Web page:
What did we Learn at the L2C Conference about Industrial Development and Policy in Africa?

22 August 2013

Roger Williamson

Given the high growth rates since 2000 and low labour costs, Africa could develop manufacturing industry, agro-processing, and services. But these cost advantages can easily be undermined by factors such as inadequate infrastructure, particularly power, transportation and communication technologies. Education and skills training should be fitted to the needs of African economies.

Good news on African growth

Benno Ndulu © UNU-WIDER/Alexander Zach
Benno Ndulu © UNU-WIDER/Alexander Zach

For too long, the Afro-pessimists have dominated the discourse. But now there is a good growth story to tell as the opening speaker, Benno Ndulu (Central Bank of Tanzania), made clear. His presentation was optimistic and challenging. He framed the agenda, stressing structural transformation through industrialization; productivity growth and technology-based innovation; reducing the cost of doing business; enhancing skills and exploiting the African youth bulge; and achieving regional integration.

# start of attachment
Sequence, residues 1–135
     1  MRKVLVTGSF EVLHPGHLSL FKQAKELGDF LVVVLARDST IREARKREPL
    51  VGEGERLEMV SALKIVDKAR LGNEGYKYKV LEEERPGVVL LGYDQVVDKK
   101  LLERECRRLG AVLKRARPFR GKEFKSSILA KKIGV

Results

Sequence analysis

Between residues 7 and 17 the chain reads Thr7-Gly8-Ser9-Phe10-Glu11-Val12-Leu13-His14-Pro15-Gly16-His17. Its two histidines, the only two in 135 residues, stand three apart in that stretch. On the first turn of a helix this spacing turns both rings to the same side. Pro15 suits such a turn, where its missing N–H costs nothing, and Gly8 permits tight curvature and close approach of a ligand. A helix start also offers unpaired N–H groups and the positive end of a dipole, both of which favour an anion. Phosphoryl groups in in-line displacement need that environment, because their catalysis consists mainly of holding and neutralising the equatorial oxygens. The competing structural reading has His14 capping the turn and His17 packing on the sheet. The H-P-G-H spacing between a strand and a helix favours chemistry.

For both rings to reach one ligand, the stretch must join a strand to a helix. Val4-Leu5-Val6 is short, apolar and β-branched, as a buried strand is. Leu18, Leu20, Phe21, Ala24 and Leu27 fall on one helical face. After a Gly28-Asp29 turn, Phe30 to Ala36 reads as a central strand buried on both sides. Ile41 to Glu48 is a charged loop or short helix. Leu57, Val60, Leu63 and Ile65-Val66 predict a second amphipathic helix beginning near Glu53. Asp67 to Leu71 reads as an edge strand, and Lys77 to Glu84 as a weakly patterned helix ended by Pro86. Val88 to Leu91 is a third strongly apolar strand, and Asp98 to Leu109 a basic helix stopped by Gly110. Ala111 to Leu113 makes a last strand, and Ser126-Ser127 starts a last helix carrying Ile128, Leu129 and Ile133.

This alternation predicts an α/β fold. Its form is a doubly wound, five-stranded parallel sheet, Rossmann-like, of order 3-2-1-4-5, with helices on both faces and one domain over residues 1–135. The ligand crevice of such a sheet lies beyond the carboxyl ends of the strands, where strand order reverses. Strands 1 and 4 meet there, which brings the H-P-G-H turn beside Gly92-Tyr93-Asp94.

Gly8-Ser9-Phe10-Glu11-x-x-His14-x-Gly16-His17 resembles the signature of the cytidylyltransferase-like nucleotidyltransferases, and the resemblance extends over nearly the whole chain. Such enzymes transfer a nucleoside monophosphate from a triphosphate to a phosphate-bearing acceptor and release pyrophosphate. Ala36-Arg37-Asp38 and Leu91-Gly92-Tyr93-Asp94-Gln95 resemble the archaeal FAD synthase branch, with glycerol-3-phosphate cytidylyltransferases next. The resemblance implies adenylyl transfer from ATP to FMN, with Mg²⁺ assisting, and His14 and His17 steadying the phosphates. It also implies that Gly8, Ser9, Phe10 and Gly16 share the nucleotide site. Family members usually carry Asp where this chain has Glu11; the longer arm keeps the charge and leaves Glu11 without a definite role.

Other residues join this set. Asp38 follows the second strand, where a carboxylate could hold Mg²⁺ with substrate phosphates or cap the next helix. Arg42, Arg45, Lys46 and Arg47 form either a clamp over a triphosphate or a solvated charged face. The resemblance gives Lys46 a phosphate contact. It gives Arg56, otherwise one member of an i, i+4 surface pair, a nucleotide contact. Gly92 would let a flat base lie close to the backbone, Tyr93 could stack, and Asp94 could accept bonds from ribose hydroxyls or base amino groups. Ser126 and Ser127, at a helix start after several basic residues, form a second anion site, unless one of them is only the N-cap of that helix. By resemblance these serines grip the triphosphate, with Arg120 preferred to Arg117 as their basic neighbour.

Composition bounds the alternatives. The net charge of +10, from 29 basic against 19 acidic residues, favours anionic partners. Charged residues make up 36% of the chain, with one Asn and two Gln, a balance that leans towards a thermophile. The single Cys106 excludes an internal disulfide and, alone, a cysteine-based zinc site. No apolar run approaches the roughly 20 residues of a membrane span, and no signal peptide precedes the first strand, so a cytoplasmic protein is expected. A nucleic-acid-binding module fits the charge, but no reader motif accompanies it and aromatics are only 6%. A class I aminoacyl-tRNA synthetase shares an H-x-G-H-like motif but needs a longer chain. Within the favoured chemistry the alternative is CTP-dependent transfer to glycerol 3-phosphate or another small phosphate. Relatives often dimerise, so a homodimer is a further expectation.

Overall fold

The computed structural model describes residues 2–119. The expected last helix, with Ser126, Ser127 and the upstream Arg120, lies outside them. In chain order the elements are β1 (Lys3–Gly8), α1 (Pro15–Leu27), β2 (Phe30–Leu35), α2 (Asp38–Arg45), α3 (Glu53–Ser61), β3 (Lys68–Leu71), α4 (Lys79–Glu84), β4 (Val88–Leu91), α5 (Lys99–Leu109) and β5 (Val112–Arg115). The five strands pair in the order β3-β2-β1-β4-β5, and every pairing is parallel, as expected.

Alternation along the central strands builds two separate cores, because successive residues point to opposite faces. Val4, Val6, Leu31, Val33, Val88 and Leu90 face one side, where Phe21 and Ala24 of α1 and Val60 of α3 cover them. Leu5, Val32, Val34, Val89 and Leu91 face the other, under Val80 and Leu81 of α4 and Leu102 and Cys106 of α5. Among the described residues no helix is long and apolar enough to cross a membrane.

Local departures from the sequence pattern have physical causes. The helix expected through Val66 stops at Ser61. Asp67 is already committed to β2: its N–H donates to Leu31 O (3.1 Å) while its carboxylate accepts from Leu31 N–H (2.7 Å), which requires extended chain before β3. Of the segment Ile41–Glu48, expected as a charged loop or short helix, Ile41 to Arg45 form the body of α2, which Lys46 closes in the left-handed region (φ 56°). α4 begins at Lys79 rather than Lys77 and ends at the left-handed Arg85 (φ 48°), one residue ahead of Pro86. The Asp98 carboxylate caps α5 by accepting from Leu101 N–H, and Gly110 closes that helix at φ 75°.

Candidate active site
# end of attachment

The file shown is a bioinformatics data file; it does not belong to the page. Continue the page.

John Sutton (London School of Economics) similarly emphasized growth, the importance of medium-sized companies, and a pragmatic approach of removing obstacles to production and exporting.

The presenters at the conference brought together evidence from the firm level and export sectors such as clothing, as well as analyses of the history and current structure of manufacturing in African economies. ‘Learning-by-exporting’  is explored in empirical studies conducted by UNU-WIDER.

Nguyen Tue Anh © UNU-WIDER/Alexander Zach
Nguyen Tue Anh © UNU-WIDER/Alexander Zach

Industrialization experiences in Africa and Asia

No country has yet achieved development without manufacturing. Straight manufacturing in itself is not very lucrative—it is a stage to go through, but the aim must be to move on to more rewarding aspects of manufacturing as the economy matures. Even if the achievements of the Asian Tigers cannot be replicated and there are no more growth miracles, it should be possible for 12-13% of the workforce to be absorbed into manufacturing  in the African continent in the future.